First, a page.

President Hosni Mubarak apparently told ABC’s Chrisiane Amanpour today that he’s fed up with leadership and would step down if he could, but that he fears for his country’s safety. Mubarak and his son Gamal, who had been rumored to have left the country, met with Amanpour at the Presidential palace in the Heliopolis neighborhood of Cairo today. Mubarak told Amanpour that he responded to President Barack Obama’s suggestion that he leave office before September by saying, “You don’t understand the Egyptian culture and what would happen if I step down now.” He told Amanpour he would never flee the country and that he intended to die there.
Egypt is at its most dangerous moment. After holding off brutal attacks by pro-government thugs yesterday, anti-government protesters remain in Tahrir Square demanding Mubarak’s ouster. Fed up or not, Mubarak refuses to leave and Omar Suleiman, his long-time intelligence chief and newly-named vice president, gave an interview today on Egyptian State TV hitting all the crackdown hot-buttons: he rejected “foreign meddling”, said the anti-Mubarak protesters were not “part of the Egyptian culture”, and called on the protesters to end their “sit-in”.
Despite an assurance from Egypt’s Prime Minister that yesterday’s bloodshed would not be repeated, a renewed and potentially violent confrontation seems possible in coming hours. The government has moved against international reporters ahead of potentially massive anti-government protest marches expected following Friday prayers tomorrow. The military, which took up token positions between the opposing sides at Tahrir Square this morning, appears torn between affection for the protesters and loyalty to their leaders. Suleiman told State TV he thought yesterday’s violence was the result of a “conspiracy.”
The U.S. believes talks between the government and the representatives of the protesters are desperately needed at this point. Talks may be the only way to convince Mubarak it is safe enough to step down. They are also necessary to convince the protesters that after 30 years of deception, Mubarak actually intends to leave. And talks are crucial to ensuring that after Mubarak goes there is the kind of “orderly transition” of power that the U.S. has been urging.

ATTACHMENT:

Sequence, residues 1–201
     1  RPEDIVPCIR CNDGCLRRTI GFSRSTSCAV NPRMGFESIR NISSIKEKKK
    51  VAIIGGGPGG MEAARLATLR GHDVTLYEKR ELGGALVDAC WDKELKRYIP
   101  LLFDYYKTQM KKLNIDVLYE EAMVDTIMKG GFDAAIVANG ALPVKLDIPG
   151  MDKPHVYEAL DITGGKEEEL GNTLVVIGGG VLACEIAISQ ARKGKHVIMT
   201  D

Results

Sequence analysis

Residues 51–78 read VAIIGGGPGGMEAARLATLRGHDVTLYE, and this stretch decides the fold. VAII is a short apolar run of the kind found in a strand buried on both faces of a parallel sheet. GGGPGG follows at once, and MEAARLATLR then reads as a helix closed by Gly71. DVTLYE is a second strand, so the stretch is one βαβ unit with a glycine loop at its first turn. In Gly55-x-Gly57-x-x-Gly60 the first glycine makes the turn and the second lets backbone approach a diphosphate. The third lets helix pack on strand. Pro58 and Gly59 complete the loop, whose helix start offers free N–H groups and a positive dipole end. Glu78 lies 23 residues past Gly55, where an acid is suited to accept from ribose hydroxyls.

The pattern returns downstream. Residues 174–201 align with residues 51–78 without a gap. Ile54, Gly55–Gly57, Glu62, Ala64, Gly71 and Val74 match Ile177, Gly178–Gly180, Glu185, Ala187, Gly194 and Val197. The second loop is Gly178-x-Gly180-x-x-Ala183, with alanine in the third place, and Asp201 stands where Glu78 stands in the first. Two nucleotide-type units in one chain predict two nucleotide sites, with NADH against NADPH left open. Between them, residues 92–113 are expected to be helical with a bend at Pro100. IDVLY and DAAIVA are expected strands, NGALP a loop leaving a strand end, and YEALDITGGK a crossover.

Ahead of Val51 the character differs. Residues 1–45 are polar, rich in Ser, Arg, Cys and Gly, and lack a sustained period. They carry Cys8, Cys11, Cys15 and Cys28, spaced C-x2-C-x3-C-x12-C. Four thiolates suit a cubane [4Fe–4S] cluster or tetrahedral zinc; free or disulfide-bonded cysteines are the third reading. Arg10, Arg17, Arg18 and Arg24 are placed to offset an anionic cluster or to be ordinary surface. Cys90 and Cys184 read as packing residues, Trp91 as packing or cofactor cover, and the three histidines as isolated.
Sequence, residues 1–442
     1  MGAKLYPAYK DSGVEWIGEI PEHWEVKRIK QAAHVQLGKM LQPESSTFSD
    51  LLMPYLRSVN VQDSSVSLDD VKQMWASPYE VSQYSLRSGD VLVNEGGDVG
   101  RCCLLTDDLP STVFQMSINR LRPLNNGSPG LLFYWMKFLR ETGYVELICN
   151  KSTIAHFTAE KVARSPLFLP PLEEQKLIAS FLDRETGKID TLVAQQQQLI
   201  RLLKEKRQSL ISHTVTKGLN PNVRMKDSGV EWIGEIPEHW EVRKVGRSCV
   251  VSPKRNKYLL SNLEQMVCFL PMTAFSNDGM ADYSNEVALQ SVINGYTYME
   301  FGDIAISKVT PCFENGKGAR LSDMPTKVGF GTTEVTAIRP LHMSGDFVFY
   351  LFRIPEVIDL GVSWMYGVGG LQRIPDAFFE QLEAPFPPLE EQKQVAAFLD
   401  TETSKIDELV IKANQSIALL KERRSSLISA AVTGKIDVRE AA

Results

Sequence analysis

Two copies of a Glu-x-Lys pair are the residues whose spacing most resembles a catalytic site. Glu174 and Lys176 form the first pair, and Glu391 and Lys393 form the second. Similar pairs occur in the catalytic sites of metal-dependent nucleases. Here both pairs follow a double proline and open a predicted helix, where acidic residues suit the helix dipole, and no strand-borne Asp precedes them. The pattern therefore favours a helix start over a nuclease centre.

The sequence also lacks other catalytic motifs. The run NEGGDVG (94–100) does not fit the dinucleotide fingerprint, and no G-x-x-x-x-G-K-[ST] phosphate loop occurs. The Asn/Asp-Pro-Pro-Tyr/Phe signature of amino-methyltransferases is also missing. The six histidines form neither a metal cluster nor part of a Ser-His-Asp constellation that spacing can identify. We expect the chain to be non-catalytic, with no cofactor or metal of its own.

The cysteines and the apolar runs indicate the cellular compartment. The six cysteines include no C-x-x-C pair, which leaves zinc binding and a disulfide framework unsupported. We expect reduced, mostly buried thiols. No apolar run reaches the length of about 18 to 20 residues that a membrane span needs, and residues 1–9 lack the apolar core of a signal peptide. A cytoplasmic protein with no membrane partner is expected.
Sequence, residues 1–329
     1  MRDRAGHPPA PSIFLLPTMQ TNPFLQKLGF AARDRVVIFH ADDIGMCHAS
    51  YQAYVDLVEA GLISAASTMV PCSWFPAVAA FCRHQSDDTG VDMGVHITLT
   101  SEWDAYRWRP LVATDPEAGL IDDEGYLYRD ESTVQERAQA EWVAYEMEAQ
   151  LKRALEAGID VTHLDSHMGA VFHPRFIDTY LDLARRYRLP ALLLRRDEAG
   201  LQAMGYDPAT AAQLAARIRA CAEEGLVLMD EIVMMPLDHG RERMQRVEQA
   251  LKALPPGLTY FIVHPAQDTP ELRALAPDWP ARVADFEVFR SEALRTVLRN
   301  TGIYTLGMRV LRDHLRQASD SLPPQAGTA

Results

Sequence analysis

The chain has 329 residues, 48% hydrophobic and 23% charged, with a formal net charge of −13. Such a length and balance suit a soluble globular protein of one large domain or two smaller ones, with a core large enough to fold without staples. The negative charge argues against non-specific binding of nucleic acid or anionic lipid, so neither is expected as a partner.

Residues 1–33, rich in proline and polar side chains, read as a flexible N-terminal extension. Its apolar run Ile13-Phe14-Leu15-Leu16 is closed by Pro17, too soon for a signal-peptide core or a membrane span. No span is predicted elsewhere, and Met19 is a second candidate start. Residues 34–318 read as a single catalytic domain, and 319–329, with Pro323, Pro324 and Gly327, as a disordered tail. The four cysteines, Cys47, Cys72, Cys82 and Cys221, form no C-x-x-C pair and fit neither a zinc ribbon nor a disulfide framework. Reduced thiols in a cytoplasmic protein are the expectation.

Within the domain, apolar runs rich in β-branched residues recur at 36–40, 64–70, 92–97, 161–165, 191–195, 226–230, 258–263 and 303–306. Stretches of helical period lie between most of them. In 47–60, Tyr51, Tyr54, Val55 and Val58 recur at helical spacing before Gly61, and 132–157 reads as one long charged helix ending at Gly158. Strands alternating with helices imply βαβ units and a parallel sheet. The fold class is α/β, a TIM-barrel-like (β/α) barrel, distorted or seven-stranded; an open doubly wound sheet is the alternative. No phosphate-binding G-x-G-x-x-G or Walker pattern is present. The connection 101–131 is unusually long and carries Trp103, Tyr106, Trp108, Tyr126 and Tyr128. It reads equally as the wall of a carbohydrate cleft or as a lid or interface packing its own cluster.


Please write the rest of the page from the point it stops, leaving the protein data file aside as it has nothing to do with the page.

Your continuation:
Suleiman said in his interview that he has spoken to some opposition figures, but State department spokesman P. J. Crowley said today, “They’re not broad enough… to meet the aspirations of the people. It needs to go farther, it needs to go faster.” Suleiman told his Egyptian State TV interviewer that he would be willing to talk with the leadership of the opposition Muslim Brotherhood, an unprecedented concession by the regime.
The protesters, fearing a double cross if they relinquish the position of power they have gained through bloodshed, are stonewalling. Some interlocutor, whether western or Arab, is apparently needed to convince them that they can maintain their positions in the square, but should not make Mubarak’s stepping down a precondition for talks. Crowley said as much today. “We encourage the opposition to come forward and engage constructively and see this process,” Crowley said. “Time is of the essence.” The longer the confrontation goes on without concrete progress, the greater the possibility for violence, Crowley said.
Hillary Clinton added to the pressure for talks this afternoon, calling for the Egyptian “government and a broad and credible representation of Egypt’s opposition, civil society and political factions to begin immediately serious negotiations on a peaceful and orderly transition”.